That equation would be the pressure at the top, which we can symbolize as 𝑃 sub 𝑡, is equal to the pressure at the bottom, 𝑃 sub 𝑏. Great! Now let’s use this relationship we just explained for pressure, that pressure is equal to force over area, to substitute in for 𝑃 sub 𝑡 and 𝑃 sub 𝑏. We’ll substitute in the force at the top, 𝐹 sub 𝑡, the area at the top, 𝐴 sub 𝑡, and the force and the area at the bottom, 𝐹 sub 𝑏 and 𝐴 sub 𝑏.

So our pressure relationship implies that 𝐹 sub 𝑡 divided by 𝐴 sub 𝑡 equals 𝐹 sub 𝑏 divided by 𝐴 sub 𝑏. Now in terms of the variables we defined, what we are after is 𝐹 sub 𝑏, the force at the bottom of the jug, minus 𝐹 sub 𝑡; the problem asked for what is the difference between these two forces; or specifically, how much did the force of the bottom on the jug exceed the force exerted at the top applied by the host.

So this is what we wanna solve for. Our course of action will be to solve for 𝐹 sub 𝑏, the force exerted on the bottom of the jug, in terms of 𝐹 sub 𝑡, the known force at the top of the jug. So let’s do that using this ratio equation we just derived.

To isolate 𝐹 sub 𝑏, we can multiply both sides of the equation by 𝐴 sub 𝑏, the area of the bottom of the jug. When we do that, 𝐴 sub 𝑏 cancels out from the right-hand side of our equation, and we’re left with an expression that reads 𝐹 sub 𝑏 equals 𝐹 sub 𝑡 multiplied by 𝐴 sub 𝑏 divided by 𝐴 sub 𝑡.

Now that we have this expression for the force at the bottom of the jug in terms of the force of the top and the areas of the bottom and top, let’s focus on the ratio of areas and figure out what is that value. Now we know in general that the area of a circle is equal to 𝜋 times the radius of that circle squared, so we can write that out for 𝐴 sub 𝑏 and 𝐴 sub 𝑡.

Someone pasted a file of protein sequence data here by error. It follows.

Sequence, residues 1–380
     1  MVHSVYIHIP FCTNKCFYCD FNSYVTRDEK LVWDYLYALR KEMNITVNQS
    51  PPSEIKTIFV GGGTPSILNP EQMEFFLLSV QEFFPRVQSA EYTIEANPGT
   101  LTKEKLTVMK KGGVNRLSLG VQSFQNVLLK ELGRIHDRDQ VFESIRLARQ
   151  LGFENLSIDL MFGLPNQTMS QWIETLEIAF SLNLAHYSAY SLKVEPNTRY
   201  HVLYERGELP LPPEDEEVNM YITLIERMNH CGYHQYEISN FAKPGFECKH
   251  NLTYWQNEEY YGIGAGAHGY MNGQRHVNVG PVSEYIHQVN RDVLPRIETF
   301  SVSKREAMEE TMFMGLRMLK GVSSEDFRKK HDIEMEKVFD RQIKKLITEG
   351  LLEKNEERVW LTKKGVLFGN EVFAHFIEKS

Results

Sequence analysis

Now you can see right away that the 𝜋 and the numerator and denominator cancel, so this ratio of areas will depend on the square of the radius of the bottom to the square of the radius of the top. Now what are those radii? Well we know the diameters, so we can solve for radii in terms of those. The diameter of the bottom of the jug is given as 14.0 cm, which means the radius is half of that or 7.00 cm.

And likewise, for the radius of the top, that’s half of 2.00 cm or 1.00 cm. Both these terms are then squared. And when they are, we’ve established that the ratio of the bottom of this jug to the top of the jug is equal to 7.00 squared divided by 1.00 squared, which equals 49. Note that this is a unitless number, the units in our fraction cancelled out, so we have a unitless value which is a ratio of these two areas.

Knowing this, we can plug this value in to our original equation 𝐹 sub 𝑏 equals 𝐹 sub 𝑡 times the ratio of these areas to solve for the force at the bottom of our jug in terms of the force we applied at the top. So the force on the bottom of the jug equals 49 times the force at the top of the jug. And what was that force of the top? Well we’ve labeled it the force applied by the mallet, 𝐹 sub 𝑚, which equals 1.20 times 10 to the two newtons.

So the force applied to the bottom of the jug is 49 times the force applied to the top of the jug. And again what we’re seeking is the difference between the force applied at the bottom and the force applied at the top; in other words, 𝐹 sub 𝑏 minus 𝐹 sub 𝑡. We found that we can write 𝐹 sub 𝑏 as 49 times 𝐹 sub 𝑡, which means that what we’re solving for can also be written as 𝐹 sub 𝑡 times 49 minus one or 𝐹 sub 𝑡 times 48.

When we plug in for 𝐹 sub 𝑡 1.20 times 10 to the two newtons and multiply that by 48, we get an answer of 5.76 times 10 to the third newtons. That is the difference between the force at the bottom and the force of the top; or specifically, it’s how much more force is applied on the bottom of the jug then is applied on the cork through the mallet. An all of this is thanks to the fact that pressure over any cross section of this jug is constant.